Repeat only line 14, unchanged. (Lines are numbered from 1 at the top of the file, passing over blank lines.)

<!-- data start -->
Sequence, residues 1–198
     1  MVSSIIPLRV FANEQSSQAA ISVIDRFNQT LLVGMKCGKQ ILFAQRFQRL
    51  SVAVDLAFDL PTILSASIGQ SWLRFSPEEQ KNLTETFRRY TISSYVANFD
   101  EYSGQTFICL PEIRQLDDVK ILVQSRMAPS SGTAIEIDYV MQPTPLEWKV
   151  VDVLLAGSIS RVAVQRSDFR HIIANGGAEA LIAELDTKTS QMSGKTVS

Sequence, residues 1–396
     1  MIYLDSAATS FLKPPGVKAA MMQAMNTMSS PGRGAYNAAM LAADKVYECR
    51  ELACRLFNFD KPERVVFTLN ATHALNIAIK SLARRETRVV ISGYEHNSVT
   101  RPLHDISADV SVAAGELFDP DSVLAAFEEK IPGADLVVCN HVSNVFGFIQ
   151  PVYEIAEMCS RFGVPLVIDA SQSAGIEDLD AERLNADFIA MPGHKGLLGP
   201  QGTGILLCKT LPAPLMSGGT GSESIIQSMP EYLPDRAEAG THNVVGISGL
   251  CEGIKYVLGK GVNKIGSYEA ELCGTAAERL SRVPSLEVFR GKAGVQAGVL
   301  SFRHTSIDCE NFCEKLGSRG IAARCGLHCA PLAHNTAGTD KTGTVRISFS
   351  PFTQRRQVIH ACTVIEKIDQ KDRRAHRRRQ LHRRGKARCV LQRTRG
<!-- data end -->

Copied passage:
   351  PFTQRRQVIH ACTVIEKIDQ KDRRAHRRRQ LHRRGKARCV LQRTRG